Does Mammography Result in Overtreatment?
"Breast cancer is clearly an illness, and ductal carcinoma in situ is a lesion that directly precedes invasive breast cancer," says Blackwood, who is an assistant professor of medicine and epidemiology at the University of Pennsylvania Cancer Center in Philadelphia. "If we can eradicate ductal carcinoma in situ, the potential for an invasive breast cancer to develop from that lesion doesn't exist."
Woloshin's survey also found that the vast majority of women are aware that mammography can sometimes indicate an abnormality that isn't actually there, commonly referred to as a false-positive result. False-positive results can cause unnecessary anxiety, testing, and occasionally treatment, but most women surveyed said they felt such results are an acceptable part of the screening process.
The women also were asked about the safety of mammography and the perceived benefit. Overall, 92% of women thought mammography was safe, and 94% believed that women whose cancer was diagnosed by mammography benefited from being screened. Most women also believed mammography reduced the chance of dying from breast cancer, although none thought mammography reduced the risk to zero.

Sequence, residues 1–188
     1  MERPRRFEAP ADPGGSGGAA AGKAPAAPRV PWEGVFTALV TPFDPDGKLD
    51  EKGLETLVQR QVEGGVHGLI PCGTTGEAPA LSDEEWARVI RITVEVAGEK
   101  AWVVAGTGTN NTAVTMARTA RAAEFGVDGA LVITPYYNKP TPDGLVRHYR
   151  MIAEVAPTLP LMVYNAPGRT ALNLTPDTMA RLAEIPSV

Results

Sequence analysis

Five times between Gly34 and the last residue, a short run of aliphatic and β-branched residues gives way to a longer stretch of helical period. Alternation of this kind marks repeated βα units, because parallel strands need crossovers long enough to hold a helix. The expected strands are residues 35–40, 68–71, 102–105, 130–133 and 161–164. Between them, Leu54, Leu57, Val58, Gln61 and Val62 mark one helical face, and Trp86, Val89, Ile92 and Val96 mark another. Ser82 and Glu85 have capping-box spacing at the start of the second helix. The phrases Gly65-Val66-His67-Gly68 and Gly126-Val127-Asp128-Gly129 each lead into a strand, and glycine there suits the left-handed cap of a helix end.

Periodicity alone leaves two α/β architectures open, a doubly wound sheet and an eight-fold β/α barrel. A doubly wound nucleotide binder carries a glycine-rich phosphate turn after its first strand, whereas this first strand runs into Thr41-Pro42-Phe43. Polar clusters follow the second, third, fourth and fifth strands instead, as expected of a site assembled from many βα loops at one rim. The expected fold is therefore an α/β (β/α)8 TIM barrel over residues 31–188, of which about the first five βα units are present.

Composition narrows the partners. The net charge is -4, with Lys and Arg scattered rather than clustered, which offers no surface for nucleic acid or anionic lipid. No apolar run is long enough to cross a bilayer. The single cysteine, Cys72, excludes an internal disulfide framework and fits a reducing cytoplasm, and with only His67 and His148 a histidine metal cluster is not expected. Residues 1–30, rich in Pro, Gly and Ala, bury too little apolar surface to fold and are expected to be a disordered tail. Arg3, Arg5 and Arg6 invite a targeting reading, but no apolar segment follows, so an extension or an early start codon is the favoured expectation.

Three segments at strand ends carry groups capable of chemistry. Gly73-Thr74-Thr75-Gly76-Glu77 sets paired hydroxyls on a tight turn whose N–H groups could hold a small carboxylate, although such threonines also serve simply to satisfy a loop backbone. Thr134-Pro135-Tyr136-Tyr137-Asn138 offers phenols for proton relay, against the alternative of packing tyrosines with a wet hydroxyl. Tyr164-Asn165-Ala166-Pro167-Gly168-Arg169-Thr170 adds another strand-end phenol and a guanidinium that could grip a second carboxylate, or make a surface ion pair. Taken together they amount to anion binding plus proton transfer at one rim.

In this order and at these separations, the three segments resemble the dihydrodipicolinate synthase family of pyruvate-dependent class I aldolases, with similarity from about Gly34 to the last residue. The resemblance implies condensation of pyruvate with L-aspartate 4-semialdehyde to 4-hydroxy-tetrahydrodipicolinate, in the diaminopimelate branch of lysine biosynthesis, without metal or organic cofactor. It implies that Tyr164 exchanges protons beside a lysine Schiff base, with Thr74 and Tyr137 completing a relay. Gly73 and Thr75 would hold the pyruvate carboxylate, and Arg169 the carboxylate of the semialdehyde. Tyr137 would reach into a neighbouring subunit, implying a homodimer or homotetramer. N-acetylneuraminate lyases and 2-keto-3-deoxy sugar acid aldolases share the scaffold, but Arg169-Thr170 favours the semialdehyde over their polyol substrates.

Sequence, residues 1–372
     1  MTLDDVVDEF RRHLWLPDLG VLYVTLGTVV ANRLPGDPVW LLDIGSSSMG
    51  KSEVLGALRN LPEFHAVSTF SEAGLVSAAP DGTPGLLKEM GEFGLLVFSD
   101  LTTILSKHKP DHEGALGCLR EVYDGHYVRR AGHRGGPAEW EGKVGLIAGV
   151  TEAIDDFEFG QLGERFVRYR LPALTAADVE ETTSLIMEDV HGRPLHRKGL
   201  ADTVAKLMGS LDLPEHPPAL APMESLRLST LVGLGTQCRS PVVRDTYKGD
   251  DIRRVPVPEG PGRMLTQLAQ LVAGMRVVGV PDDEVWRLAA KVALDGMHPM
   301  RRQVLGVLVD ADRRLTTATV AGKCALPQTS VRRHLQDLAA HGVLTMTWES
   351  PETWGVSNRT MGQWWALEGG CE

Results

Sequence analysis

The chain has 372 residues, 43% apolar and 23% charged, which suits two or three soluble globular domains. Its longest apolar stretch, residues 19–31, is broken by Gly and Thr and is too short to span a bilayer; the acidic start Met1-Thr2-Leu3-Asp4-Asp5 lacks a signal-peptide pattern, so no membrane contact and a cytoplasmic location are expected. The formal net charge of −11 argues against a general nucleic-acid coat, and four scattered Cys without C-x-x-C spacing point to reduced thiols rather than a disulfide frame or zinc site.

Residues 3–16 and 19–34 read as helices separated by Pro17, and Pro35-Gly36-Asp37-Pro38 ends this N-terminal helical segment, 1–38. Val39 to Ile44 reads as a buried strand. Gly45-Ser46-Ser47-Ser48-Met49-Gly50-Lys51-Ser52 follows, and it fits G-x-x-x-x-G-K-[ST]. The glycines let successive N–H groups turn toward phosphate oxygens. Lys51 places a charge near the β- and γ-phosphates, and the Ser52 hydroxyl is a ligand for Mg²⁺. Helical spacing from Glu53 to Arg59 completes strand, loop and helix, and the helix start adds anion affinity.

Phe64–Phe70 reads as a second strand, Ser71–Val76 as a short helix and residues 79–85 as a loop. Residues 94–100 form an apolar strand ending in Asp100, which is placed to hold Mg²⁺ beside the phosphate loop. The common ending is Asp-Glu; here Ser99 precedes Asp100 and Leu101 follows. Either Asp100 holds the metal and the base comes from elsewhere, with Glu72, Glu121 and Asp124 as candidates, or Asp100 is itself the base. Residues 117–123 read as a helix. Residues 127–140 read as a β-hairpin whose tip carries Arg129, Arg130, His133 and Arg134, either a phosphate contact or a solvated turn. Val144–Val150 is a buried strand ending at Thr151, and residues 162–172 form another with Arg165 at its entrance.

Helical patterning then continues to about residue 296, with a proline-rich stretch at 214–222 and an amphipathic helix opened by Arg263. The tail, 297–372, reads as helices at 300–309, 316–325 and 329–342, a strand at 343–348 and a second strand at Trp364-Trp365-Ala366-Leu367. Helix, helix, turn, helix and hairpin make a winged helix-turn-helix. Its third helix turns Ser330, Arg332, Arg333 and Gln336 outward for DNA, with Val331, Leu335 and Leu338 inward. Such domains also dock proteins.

The American Cancer Society recommends yearly mammograms for all women 40 years of age and older. Along with having mammograms, women should also perform monthly breast self-exams, and those 40 years of age and older should receive an exam of the breast and underarm by a health care professional each year. Any unusual nipple discharge, mass, tenderness, or dimpling of the skin should be reported to a physician immediately.
- Women may understand the importance of receiving regular mammograms, but they may not know about common abnormalities that may be detected.
- One such abnormality is ductal carcinoma in situ (DCIS), which is a precancerous lesion that may or may not progress to breast cancer, but there isn't a consensus on how this should be managed.
- Another common occurrence is when mammography picks up an abnormality that isn't really there, known as a false-positive.